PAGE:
But "often" isn't "always". Ansel Adams is a great example of a great artist that is not challenging. Ansel Adams is a photographer that takes phenomenal, epic landscapes. He is one of the artists that shaped the medium of photography. He is undeniably a great artist and everyone can agree that his pictures are really impressive and beautiful. While some people will appreciate his art more than others and see it for all off its true importance, I can't think of anyone other than someone who had a family member lost in the wilderness who is turned off by his work. His work strikes a chord with something very basic and human in us. As a result it doesn't have to pull any punch and can still get a nod from just about everyone that it is art.
Aqua is the same way. The flavor that they were cooking with is something that has a wide spread appeal: sugar. Everyone loves sweetness and Aqua were dessert chefs. Their widespread appeal was not manufactured after the fact, it was built into the art that they were making. But that widespread appeal attracted all of the trappings of Pop music and as we all know the trappings of pop music usually adorn the average beauties that the music sellers are dressing up to be just good enough to be worth a $20 sale (because there are so many more of them than the natural beauties).
But just because the unwashed masses will gladly devour any piece of fried bread if you pour enough sugar on it, doesn't mean that the five star desserteers of high cuisine are doing half-assed work. Once you strip away the trappings of Pop music, the high-gloss image over-saturation, beautiful clean people in the line-up, ad-nauseum singles play, and massive tours and publicity events, Aqua was truly gourmet; they were brilliant sugar sculptures on top of dark chocolate coated strawberries.
That credibility proof would also apply to a lot of musicians that I am not a fan of though and while there are a lot of artists that I like that don't fit the "raw, rootsy, surliness of post-hardcore" I do see a view where Aqua does fit with Atari Teenage Riot, The Velvet Underground, Strike Anywhere and Hot Water Music. I am a fan of sharp flavors; my musical pallet is tuned to enjoy hot Mexican food, stiff whiskeys, robust horseradish steak sauces, and deep rich cheesecakes.
Metaphor: At the chili cook-off we all sit around the table, eyes watering, noses running, discussing and enjoying the heat and flavor of the hot peppers and jalapeños. Next Tuesday we meet up again at the Japanese restaurant and hack and cough over the wasabe-coated salmon rolls scouring our throats and clearing our sinuses. Then next week you are walking by the desert shop and see me sitting around the table with some others, our jaws locking and cheeks puckering from the caramel-soaked, rich chocolate topped hot apple ciders we're enjoying and it seems out of character. Why is that?
Aqua does what all of these great bands do, they take a musical idea to its fullest extent. Usually fearlessly taking a musical idea to its end leaves you in territory that alienates a lot of people; only the people who aren't very far from it to start with can enjoy that much stretching of the envelope. For example, Atari Teenage Riot is completely lost on my dad because to go from what he has experience with, namely the Beach Boys and The Police, out to where they are, German Thrash techno, is a far stretch and well beyond what he is comfortable with. But for me who was very comfortable with music that set out to melt your brain, Atari Teenage Riot wasn't a far cry. So the trip from the Industrial soundtracks, Rave DJs, and screaming punk acts that I was coming from to Atari Teenage Riot was a nice stretching of the envelope for me. But to go from the Beach Boys to ATR, was not a pleasant trip.
Aqua though took what was out there, as all artists do, and instead of making it faster, harder, crazier, more unusual or any of what people are used to, they polished and focused it. They tried to hit every pressure point that makes for electric, fun, happy work. They had a set of electrodes and they clipped them to all our your happy receptors and threw the switch.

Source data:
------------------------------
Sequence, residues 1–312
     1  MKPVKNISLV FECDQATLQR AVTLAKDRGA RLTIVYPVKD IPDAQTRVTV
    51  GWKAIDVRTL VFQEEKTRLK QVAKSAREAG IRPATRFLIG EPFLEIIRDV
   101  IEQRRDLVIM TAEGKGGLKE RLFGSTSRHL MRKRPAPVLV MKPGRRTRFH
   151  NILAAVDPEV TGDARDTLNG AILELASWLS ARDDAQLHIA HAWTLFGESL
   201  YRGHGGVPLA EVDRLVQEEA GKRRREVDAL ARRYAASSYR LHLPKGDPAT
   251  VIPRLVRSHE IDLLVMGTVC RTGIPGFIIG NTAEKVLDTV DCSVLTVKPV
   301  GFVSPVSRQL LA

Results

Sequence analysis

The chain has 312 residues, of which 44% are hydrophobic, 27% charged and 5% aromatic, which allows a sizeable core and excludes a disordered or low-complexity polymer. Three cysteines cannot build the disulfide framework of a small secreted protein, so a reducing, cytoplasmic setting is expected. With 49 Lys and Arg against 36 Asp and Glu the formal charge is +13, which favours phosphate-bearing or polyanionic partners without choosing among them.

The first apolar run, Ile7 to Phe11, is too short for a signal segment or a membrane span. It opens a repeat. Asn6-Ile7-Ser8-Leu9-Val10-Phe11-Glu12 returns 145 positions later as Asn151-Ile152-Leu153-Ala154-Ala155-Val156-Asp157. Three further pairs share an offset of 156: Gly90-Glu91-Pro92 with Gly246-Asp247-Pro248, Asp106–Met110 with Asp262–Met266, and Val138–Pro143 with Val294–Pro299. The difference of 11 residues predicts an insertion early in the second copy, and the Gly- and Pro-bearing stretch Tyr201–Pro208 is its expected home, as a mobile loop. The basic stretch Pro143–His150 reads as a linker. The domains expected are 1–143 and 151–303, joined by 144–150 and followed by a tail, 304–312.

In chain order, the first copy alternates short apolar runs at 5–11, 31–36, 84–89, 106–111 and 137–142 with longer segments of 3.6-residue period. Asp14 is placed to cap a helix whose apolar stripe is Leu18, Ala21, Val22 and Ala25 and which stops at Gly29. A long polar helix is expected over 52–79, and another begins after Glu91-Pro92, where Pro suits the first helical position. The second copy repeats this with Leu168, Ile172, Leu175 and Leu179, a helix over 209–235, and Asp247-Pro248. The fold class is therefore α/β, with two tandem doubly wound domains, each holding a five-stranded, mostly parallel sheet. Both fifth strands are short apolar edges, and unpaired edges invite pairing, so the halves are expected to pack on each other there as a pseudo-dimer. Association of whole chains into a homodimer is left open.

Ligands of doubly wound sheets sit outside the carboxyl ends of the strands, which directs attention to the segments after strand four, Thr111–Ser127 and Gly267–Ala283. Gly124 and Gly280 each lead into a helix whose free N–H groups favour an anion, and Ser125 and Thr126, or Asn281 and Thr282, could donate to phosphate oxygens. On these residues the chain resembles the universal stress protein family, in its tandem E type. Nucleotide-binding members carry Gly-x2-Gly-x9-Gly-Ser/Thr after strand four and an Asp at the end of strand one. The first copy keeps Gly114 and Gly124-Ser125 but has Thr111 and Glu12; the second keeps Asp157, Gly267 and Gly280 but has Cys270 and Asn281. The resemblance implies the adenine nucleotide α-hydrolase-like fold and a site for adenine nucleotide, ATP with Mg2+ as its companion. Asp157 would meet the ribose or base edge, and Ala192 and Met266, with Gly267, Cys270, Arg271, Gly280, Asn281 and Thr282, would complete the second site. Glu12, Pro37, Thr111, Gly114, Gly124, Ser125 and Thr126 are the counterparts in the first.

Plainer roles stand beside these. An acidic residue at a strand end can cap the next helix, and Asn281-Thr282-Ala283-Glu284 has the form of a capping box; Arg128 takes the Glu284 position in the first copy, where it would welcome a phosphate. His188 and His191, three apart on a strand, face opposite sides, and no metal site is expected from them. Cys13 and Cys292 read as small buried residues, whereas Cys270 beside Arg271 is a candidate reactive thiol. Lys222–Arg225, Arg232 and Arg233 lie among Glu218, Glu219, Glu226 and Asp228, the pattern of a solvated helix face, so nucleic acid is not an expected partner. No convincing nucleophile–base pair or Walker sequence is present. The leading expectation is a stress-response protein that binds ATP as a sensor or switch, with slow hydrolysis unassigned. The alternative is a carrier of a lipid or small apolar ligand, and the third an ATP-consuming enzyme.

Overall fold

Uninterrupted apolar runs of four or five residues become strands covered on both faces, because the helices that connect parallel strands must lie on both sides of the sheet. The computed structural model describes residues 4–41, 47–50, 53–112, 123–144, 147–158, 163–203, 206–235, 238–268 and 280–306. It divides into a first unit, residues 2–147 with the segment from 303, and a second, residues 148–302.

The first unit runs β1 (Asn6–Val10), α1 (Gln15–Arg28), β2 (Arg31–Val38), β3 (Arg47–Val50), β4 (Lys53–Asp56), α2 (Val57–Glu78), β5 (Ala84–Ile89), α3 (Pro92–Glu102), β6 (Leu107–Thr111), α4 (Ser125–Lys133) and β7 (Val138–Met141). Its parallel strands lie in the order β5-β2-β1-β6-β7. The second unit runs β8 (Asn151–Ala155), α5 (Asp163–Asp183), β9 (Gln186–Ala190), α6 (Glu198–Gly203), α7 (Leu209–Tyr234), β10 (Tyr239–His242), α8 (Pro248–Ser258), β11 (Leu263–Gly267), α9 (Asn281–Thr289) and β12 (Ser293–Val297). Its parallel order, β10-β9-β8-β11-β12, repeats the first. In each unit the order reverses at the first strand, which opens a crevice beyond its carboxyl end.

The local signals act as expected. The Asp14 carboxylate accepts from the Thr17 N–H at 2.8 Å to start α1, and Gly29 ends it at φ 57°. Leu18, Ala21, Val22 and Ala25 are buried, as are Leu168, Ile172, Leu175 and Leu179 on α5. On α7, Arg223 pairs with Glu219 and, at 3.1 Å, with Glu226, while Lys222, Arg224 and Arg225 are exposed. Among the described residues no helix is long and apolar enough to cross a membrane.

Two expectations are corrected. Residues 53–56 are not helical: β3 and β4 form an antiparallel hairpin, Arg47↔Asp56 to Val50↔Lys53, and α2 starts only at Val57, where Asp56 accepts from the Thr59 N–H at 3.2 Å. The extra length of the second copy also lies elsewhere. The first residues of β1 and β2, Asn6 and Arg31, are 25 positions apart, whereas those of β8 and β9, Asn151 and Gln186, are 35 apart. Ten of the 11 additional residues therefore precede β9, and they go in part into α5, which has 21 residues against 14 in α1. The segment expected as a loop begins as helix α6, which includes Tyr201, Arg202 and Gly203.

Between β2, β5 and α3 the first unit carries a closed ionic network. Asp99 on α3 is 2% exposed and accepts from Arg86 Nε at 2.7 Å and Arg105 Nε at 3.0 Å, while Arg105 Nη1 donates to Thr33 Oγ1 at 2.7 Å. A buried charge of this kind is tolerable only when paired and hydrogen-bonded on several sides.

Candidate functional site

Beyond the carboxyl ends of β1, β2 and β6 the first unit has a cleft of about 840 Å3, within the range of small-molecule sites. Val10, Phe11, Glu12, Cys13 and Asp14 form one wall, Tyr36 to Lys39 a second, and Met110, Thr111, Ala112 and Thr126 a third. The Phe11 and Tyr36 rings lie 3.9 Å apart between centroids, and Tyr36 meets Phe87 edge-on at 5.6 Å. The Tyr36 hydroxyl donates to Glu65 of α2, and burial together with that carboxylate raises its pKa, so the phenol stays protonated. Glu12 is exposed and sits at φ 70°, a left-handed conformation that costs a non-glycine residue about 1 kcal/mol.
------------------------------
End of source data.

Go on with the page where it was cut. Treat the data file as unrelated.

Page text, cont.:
Now to go that far in that direction was a comfortable trip for a bunch of teeny boppers who had collections of music that were basically audio cocktails of sugar and cocaine. They were used to and even conesiours of the sickenly sweet. Thus taking it one step further out to Aqua's work was a pleasant stretching of their envelope. But for most of the people who love to identify with the majority of the music I hail to, the trip from here all the way to Aqua was not a pleasant one. Going from the thick, bitter flavors of Atari Teenage Riot to the syrupy taste of Aqua is as uncomfortable as my dad going from The Beach Boys to Iggy Pop.
As I see it, I have a nice central ground and enjoy having my palette distended from their. Usually the most stimulating direction to rip it is towards the loud, fast, and hard. Going from zero, a far jump in that direction puts me with people who like that music and then step in directions from there. So when I started from my zero point and took a flying leap to having Aqua strap the alligator clamps on to the sweetness-taste buds of my ears and turn on the juice, it was a great move. But to go not from zero but from hard and aggressive all the way to dripping cotton candy was way more than all of my attackers could handle.
I propose that those who call Aqua pointless, Pop crap can't separate the trappings of the music industry from the music and/or are seated nicely in their aggro world and don't enjoy having their envelopes stretched as much as they prefer music that happens to land where most people are stretched out to. Not being able to separate the music from all the extra elements of the music act I think shows a certain inability to appreciate music and not being able to separate the act from the marketing shows a naiveté of the way the commercial entertainment industry works. And I think that an extreme discomfort with the music demonstrates a certain trained and shrunk musical palate. Often people who like the music that comes from taking a normal taste and stretching it don't think that they have small palates themselves but have palates that can take a good stretching. When those same people can't handle the intensity of Aqua I say that they need to examine their appreciation of music; Maybe it's not the severity of the music but the tart and bitter taste of the music that you enjoy.